Oil Exec: “Yeah, we knew..Everyone knew..”

January 25, 2020


As oil flirts with the prospect of decline, energy executives are at odds over what to do. Some firms, like ExxonMobil, are positioning themselves to squeeze the last lucrative years from the oil economy while arguing to shareholders that they will be able to sell all their oil. Shell and a handful of others are beginning to adapt.

Under (CEO Ben) van Beurden’s leadership, Shell is charting a path that will allow it to continue to profit from oil and gas while simultaneously expanding its plastics business and diversifying into electrical power. By the 2030s, the 112-year-old fossil-fuel giant wants to become the world’s largest power company. As part of this strategy, Shell has worked to present itself as environmentally friendly. Last year, it committed to reduce its emissions by as much as 3% by 2021, and by around 50% by 2050, tying its executives’ compensation to the cuts.

Shell’s moves earned some applause among environmentalists, but the Intergovernmental Panel on Climate Change, the U.N.’s climate-science body, concluded in 2018 that to keep temperatures from rising to levels that would bring a wide range of catastrophescountries must halve their greenhouse-gas emissions by 2030 and hit net-zero emissions by 2050. That would mean more than incrementally reducing emissions; it means keeping vast reserves of oil already discovered in the ground.

Van Beurden’s strategic response shows that years of political and economic pressure–especially from governments and investors responding to a sustained public outcry–can push even the most powerful interests to change. Whether climate activists can harness this mounting pressure to compel Shell and other oil companies to transform the global energy economy may be the weightiest question of our time.

Executives at Shell knew decades ago that burning fossil fuels would cause the planet to warm, and that once climate change became a global issue, their firm would need to change. Last year, I sat down with van Beurden for a wide-ranging interview and asked him how he felt about “Shell knew,” the activist mantra that accuses the company of failing to act on climate change despite knowing the consequences. He was sanguine: “Yeah, we knew. Everybody knew,” he said. “And somehow we all ignored it.”

In the 1990s, he explained, Shell publicly acknowledged climate science and said the world needed to act to combat the problem. But at the time, neither governments nor consumers seemed too concerned about emissions, and the demand for oil was growing like gangbusters to fuel a global economic expansion. So the company dutifully responded to market demands: it produced and sold oil to turn a profit.

Nearly three decades later, Shell’s business model is shifting by the same market-driven calculus. Despite advertising that depicts the oil giant as environmentally friendly, its decision to reduce reliance on oil is not born of benevolence. It’s reacting to market forces. A 2019 McKinsey report predicts that declining gas consumption in the transport sector, because of factors like fuel efficiency and electrification, could lead oil demand to begin decreasing in the early 2030s. “The future of energy needs to evolve as something else,” van Beurden says. “And we find a role for ourselves in it.”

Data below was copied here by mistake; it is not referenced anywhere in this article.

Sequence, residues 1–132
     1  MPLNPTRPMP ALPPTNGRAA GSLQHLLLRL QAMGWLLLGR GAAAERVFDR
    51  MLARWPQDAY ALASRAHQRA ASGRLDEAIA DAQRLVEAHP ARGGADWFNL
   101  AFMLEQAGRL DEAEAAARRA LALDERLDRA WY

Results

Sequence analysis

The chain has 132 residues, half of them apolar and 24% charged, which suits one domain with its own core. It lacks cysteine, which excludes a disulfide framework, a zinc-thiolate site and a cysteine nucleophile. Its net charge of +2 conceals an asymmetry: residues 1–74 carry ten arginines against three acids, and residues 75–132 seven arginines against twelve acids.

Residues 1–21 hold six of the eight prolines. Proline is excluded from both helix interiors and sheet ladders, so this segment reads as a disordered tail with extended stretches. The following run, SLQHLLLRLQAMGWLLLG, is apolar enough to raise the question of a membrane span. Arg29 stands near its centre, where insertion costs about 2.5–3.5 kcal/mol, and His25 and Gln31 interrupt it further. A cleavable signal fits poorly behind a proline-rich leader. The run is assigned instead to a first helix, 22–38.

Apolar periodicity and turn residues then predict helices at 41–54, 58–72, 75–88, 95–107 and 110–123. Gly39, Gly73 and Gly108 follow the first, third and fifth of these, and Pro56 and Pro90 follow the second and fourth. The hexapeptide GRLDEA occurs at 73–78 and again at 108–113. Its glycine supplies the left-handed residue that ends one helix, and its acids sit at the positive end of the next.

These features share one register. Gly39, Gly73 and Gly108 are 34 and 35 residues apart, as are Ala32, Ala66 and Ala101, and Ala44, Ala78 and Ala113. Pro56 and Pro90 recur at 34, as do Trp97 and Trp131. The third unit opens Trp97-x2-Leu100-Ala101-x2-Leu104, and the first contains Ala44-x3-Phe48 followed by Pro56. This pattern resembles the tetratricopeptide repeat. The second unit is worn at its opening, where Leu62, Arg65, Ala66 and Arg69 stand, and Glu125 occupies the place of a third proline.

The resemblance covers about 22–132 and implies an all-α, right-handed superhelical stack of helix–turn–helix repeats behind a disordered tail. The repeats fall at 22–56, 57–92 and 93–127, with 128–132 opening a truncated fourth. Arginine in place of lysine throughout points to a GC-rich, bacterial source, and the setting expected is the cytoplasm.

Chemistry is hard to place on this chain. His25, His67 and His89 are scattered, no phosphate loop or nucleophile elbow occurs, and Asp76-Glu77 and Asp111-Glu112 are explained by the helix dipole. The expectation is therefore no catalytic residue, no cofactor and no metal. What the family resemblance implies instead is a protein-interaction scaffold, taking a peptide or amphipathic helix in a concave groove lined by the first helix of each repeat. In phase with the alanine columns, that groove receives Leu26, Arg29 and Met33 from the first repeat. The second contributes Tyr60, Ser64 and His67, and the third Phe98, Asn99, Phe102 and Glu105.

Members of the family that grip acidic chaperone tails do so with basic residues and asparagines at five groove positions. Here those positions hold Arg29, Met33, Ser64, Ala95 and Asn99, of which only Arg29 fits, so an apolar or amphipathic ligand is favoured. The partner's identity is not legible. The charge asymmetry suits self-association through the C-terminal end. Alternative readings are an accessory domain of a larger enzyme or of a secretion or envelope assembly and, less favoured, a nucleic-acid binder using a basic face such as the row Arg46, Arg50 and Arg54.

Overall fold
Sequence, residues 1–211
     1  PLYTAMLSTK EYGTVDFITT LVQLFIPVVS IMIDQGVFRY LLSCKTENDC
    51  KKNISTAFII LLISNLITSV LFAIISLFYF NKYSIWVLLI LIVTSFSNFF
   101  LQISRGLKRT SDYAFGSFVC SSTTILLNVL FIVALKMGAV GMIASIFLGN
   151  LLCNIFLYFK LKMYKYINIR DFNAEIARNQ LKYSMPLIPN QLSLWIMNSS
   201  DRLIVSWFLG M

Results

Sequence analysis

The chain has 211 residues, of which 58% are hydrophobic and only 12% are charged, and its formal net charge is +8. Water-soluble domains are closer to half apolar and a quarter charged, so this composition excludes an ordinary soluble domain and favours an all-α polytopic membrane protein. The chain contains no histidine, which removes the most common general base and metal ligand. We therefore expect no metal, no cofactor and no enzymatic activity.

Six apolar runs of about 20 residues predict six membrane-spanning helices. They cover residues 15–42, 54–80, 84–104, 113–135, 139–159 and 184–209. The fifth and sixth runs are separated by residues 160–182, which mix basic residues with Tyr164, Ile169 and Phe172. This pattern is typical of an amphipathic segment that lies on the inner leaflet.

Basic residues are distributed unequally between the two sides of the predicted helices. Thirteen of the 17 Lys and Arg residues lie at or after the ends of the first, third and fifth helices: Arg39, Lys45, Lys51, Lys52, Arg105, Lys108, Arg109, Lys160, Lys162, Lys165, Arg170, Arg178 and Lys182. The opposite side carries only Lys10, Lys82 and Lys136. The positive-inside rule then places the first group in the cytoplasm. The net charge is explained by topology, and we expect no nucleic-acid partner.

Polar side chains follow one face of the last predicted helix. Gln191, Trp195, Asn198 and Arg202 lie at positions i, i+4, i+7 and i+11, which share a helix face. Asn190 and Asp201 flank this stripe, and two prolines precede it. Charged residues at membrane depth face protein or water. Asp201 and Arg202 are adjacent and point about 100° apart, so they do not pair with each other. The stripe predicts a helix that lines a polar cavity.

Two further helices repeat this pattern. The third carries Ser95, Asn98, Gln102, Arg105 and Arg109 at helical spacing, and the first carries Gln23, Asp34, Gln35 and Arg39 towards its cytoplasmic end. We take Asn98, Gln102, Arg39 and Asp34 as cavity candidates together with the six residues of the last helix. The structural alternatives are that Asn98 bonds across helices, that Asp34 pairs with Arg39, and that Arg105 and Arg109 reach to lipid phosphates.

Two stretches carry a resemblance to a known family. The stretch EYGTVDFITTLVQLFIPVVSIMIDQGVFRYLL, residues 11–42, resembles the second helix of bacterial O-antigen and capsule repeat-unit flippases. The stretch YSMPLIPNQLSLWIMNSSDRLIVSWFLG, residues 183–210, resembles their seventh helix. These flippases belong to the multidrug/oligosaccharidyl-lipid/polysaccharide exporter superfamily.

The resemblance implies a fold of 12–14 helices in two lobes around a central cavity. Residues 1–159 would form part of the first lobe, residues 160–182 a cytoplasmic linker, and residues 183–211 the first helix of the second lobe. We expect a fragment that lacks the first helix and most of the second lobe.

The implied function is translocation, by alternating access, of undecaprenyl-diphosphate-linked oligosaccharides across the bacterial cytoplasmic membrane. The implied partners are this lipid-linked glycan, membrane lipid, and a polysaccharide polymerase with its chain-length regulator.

4 Responses to “Oil Exec: “Yeah, we knew..Everyone knew..””

  1. ecoquant Says:

    (1) G. Peters, “We’re so … late“, CICERO, May 2019.

    (2) G. Peters, I. Sognnæs, “The Role of Carbon Capture and
    Storage in the Mitigation of Climate
    “, December 2019, CICERO.

    (3) I. M. Otto, et al, “Social tipping dynamics for stabilizing Earth’s climate by 2050, PNAS, 2020.

    The self-delusion in which the fossil fuel majors engage reminds me of the similar delusion champions of high tech sectors envelope themselves when they are supremely financially successful. The latter companies don’t accept anything serious can go wrong, that there will be no challenge that can unseat them, and they belittle seemingly puny upstarts — or try to buy them all out. They tell that to investors and analysts, too. It works until it doesn’t, and then (Xerox, Kodak, IBM, DEC, etc) catastrophically.

    I think there’s a developing resistiveness in markets regarding the pricing of these risks, demonstrated in small part by the breakout of these ideas at Davos and the attempted pushback by the USA. The pursuit of an EU Carbon price internally and on imports from countries without Carbon pricing schemes — including airline flights in — and negotiations with China on that suggests there may well be reasons to suspect markets may react sooner rather than later, and certainly sooner than natural consequences.

  2. dumboldguy Says:

    Only about 1/3 of the way through this new book, but it’s an eye opener and even a jaw dropper in places.. Maddow sheds new light on some of the same old “everybody knew” stories and adds to them. HIGHLY recommended.


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